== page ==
15 Feb 2019
In November 2018, SIP Chair Dr Malcolm Skingle set out his views at the Westminster Higher Education Forum Keynote Seminar; next steps for tackling STEM skills gaps - widening participation, improving delivery and increasing employability.
Malcolm shared his perspectives to the audience of employers and influencers, talking about the ambition of the Science Industry Partnership (SIP), which has a clear aim to work in partnership with Government to establish the vocational skills needed to build a high value, productive and competent scientific workforce.
“... the good news is that the Government is keen to transform the education training landscape so that it meets the demands of industry, while at the same time students want an education that is interesting, as well as providing a good career path – and of course one that leads to a reasonable salary.”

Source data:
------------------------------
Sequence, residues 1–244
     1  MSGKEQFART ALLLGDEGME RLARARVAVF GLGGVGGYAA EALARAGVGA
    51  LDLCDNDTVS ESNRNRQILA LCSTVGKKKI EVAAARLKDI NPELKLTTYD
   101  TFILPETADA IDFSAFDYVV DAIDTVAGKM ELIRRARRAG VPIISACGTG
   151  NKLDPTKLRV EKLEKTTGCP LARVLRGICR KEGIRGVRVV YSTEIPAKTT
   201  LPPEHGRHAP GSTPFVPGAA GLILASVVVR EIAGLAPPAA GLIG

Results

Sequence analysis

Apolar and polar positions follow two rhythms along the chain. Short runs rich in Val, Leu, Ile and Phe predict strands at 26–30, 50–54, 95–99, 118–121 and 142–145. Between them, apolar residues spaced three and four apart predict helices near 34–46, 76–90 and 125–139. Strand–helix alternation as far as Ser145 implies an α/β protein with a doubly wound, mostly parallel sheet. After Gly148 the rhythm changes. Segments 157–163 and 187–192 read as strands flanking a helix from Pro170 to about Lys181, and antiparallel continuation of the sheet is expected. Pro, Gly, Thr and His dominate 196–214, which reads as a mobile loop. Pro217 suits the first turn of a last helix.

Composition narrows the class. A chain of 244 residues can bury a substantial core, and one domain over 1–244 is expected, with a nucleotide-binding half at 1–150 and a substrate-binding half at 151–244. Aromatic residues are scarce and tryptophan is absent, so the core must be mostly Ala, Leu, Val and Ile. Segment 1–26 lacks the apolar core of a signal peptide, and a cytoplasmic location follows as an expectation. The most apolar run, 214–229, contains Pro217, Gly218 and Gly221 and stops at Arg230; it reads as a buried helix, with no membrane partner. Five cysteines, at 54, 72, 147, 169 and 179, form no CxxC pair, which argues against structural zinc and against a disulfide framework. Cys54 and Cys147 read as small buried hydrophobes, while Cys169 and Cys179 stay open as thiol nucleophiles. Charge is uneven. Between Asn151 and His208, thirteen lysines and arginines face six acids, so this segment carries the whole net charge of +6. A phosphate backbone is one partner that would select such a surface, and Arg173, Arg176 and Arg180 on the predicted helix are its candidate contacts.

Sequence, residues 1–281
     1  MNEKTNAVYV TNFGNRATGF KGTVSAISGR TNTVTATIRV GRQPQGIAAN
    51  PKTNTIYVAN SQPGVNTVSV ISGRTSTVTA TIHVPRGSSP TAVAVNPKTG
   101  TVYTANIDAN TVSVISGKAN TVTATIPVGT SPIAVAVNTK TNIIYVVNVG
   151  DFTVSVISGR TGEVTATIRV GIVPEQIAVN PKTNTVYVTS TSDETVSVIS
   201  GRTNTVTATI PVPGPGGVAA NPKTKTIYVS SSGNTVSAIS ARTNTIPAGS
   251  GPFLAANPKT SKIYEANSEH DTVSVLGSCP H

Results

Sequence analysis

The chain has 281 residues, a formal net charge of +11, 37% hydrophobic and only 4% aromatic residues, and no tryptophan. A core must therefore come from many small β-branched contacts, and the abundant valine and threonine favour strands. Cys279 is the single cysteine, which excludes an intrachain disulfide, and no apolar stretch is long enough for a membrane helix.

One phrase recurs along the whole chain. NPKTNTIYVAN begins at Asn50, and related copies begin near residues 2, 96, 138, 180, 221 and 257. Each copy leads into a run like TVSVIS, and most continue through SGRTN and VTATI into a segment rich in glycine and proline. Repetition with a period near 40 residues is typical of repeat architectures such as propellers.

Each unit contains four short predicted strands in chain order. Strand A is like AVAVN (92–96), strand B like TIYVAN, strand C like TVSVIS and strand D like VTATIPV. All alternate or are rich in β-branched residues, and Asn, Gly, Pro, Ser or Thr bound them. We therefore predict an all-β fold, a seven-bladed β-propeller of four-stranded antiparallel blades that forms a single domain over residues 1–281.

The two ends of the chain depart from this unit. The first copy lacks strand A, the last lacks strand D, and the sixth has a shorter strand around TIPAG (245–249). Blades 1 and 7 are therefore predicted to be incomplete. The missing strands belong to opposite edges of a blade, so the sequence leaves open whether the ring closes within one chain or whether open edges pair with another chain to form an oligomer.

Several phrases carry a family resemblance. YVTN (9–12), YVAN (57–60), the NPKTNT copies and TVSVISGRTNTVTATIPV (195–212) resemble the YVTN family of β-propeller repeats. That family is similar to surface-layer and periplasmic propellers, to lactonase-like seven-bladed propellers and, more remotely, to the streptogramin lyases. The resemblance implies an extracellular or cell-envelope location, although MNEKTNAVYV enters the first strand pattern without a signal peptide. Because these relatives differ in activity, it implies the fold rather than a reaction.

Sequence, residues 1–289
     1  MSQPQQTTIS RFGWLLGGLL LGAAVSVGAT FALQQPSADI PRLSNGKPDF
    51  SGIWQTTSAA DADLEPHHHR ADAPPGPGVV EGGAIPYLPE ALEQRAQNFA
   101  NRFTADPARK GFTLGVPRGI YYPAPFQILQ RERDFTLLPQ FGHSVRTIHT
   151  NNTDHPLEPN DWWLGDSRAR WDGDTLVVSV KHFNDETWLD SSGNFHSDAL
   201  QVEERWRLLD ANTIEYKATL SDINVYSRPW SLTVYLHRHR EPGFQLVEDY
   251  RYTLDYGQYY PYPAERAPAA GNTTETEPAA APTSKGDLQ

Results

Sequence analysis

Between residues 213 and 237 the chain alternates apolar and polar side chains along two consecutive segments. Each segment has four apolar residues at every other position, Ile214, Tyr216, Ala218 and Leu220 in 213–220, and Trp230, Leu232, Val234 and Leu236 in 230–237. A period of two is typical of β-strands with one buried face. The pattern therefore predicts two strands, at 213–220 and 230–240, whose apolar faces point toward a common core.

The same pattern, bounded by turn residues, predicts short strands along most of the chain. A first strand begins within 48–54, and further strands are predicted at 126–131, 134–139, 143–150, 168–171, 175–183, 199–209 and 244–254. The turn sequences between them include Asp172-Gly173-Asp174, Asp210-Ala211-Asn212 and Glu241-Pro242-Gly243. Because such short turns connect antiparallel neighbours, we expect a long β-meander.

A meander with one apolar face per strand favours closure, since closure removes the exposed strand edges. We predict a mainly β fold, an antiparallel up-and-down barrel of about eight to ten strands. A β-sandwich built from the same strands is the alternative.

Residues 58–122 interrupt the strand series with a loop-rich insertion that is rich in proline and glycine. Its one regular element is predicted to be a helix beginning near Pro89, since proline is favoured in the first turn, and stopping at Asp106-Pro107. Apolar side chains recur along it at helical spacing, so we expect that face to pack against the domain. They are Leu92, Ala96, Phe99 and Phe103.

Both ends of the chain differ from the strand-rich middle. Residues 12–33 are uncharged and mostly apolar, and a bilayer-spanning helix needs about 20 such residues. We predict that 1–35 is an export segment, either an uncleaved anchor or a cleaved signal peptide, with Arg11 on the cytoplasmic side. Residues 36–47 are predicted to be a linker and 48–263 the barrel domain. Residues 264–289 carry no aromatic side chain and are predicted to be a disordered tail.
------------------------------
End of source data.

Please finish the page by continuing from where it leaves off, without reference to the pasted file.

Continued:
Malcolm also gave his account of GSK’s commitment to apprenticeships, and how the organisation is going about bringing in New Talent:
“Of course we will always have a commitment to the traditional training routes, and we take lots of people, with degrees and with PhDs, and frankly with post-doc experience.
“But increasingly we are taking apprenticeships, so in 2011 we had 10 learners in one of our manufacturing sites; we have now got just over 300 across the whole business and it ranges from roles in Process Control at L2 up to Clinical Research Associates which we are just developing up to L 6/7.
“And they are getting a good press! So we currently have 286 CASE students, undertaking part of their PhD studies in GSK labs; we have more than 300 undergraduate placements, where the student works in GSK laboratories for the third year of a four year degree – and now the numbers for apprenticeships we have in the business are in that ballpark.”